Home Movie

For the past seven years, Jim Campbell has presented pixilated representations created with so few L.E.D.s (more than a thousand times fewer than the number of pixels on your computer screen) that a viewer should not be able to comprehend what they are seeing. And yet, because of the brainís ability to interpret abstract data and "fill in" the gaps in the information needed to create a complete idea, a viewer recognizes an image.

Campbell's is a unique and humanistic approach to information theory. He explores the distinction between the analogue world and its digital representation as a metaphor for the human ability for poetic understanding or "knowledge" as opposed to the mathematics of "data". In the recent 'Home Movie', Campbell abstracts the data even further while manipulating our voyeuristic tendencies by revealing information and at the same time obscuring it. The pixilated imagery is turned away from the viewer, toward the wall. There is no longer a visible "image", only the reflection of an image.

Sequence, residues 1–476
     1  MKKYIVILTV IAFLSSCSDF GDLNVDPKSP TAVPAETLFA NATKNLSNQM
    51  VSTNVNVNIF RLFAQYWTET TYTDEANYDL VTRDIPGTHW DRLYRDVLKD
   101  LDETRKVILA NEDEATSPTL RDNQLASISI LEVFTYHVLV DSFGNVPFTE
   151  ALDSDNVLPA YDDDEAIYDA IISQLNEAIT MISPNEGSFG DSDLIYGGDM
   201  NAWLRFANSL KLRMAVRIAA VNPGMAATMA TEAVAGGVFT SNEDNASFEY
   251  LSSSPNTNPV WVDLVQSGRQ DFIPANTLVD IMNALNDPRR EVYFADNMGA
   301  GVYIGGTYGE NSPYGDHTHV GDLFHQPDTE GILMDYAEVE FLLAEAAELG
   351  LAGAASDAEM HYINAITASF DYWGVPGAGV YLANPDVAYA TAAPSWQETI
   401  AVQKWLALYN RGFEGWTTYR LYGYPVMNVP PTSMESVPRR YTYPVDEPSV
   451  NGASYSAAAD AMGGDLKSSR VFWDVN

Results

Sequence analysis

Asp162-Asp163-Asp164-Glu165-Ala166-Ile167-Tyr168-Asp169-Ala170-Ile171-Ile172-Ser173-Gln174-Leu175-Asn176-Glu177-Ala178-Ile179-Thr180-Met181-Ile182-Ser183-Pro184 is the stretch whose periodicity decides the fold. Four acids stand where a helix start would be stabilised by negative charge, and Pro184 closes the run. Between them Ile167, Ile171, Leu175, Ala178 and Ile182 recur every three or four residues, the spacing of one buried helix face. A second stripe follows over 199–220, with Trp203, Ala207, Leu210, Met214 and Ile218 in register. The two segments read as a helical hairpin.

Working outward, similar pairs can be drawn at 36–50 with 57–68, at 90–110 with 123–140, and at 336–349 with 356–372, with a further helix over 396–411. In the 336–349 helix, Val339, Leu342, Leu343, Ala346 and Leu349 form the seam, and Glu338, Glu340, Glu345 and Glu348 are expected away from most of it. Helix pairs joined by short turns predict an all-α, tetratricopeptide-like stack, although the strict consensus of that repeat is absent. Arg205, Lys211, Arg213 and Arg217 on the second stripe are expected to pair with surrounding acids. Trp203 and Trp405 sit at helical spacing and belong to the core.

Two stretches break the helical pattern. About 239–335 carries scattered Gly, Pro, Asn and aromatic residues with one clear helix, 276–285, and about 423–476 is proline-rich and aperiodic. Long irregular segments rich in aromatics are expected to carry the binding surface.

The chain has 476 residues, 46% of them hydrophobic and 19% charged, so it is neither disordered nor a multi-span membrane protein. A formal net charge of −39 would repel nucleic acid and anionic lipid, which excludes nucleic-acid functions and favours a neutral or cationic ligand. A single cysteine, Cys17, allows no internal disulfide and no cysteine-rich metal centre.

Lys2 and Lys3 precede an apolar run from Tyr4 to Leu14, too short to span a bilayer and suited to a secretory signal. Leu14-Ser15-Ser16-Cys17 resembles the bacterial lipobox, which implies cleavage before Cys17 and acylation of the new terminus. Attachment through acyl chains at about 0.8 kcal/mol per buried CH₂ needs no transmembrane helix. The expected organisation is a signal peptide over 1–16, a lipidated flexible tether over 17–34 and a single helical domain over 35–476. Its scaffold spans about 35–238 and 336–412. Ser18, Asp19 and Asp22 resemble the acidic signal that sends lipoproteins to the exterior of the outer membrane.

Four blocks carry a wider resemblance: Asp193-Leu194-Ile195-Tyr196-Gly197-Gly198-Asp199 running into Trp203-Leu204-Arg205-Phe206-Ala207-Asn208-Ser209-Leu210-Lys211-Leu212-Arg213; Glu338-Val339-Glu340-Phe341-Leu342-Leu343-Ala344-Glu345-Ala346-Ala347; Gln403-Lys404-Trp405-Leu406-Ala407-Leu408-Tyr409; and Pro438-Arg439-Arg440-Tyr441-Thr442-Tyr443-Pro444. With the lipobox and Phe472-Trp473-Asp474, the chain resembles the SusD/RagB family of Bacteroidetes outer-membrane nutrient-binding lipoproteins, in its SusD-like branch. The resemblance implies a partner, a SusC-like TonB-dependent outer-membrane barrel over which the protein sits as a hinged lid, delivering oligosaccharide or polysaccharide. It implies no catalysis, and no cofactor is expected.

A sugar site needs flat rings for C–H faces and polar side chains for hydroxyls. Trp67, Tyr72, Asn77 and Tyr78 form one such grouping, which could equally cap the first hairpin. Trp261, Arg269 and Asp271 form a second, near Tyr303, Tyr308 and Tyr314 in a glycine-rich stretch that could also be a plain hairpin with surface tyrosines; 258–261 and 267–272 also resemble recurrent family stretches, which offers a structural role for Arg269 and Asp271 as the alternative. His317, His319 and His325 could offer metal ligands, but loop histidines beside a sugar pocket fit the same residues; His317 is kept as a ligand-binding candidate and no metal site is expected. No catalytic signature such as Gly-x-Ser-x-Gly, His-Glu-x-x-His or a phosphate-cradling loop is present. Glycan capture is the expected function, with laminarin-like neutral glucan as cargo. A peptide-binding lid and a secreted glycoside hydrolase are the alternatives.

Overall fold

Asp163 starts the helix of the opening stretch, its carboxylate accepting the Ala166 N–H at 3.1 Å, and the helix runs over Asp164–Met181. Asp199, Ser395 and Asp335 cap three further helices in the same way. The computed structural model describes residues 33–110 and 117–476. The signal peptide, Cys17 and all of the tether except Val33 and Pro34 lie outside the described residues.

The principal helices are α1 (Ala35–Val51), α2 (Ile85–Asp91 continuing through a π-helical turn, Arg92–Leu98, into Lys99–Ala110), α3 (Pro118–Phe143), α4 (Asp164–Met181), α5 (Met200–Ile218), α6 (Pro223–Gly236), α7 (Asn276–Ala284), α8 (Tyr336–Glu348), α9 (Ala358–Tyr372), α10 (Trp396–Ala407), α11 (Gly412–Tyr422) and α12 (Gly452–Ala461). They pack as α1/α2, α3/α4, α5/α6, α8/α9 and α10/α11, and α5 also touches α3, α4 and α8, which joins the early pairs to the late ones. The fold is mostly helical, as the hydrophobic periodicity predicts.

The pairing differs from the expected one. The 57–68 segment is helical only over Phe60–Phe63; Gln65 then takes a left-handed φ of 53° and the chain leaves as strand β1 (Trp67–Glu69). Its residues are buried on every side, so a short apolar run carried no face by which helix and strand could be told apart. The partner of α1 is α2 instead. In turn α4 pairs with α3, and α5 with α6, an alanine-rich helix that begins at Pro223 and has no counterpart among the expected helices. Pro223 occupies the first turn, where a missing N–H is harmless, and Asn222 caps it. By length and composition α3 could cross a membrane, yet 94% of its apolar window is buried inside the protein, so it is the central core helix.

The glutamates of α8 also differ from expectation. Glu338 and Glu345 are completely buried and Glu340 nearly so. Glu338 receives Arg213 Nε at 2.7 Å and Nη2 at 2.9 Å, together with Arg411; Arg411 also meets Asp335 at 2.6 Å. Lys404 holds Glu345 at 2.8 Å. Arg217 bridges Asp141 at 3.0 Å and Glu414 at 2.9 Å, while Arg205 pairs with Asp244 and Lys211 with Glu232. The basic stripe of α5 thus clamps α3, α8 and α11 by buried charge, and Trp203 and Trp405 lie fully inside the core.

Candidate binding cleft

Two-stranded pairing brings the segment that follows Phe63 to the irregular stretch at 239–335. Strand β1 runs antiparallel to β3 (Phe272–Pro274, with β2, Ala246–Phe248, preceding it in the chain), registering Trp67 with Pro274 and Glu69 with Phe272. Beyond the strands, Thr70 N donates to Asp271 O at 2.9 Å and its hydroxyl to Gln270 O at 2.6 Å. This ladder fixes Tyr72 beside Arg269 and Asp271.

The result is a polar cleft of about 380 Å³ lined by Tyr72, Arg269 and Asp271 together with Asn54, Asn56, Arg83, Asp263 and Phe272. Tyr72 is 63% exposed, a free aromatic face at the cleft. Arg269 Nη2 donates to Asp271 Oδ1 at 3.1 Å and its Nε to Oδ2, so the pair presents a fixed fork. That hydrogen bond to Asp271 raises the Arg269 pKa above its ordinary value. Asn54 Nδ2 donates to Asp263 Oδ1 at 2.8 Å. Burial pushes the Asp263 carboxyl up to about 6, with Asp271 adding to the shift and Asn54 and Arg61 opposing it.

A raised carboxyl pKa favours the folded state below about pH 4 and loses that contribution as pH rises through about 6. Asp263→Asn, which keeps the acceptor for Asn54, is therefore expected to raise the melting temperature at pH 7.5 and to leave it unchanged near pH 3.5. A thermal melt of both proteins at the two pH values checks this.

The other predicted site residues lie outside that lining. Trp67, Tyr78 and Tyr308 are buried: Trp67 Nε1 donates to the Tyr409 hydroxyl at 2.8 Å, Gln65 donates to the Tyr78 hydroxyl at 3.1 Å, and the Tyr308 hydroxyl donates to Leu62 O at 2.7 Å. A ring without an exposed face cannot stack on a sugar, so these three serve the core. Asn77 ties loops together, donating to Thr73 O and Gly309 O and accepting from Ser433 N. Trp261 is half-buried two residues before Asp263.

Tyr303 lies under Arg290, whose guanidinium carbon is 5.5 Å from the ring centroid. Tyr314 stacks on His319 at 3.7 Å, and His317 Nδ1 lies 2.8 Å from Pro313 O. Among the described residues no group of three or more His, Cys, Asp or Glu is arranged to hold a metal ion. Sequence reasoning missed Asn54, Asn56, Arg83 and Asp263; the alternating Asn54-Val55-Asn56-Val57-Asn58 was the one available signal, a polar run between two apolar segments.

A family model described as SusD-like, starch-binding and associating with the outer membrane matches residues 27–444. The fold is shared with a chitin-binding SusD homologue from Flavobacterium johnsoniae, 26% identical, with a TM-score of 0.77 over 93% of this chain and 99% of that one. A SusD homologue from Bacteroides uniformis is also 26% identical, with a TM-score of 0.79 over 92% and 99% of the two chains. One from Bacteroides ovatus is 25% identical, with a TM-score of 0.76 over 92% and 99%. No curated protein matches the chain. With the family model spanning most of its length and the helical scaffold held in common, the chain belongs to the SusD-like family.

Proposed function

Jim Campbell was born in Chicago in 1956 and lives in San Francisco. He received degrees in Mathematics and Engineering from MIT in 1978. He transitioned from filmmaking to interactive video installations in the mid 1980s. His custom electronic sculptures and installations have made him a leading figure in the use of computer technology as an art form.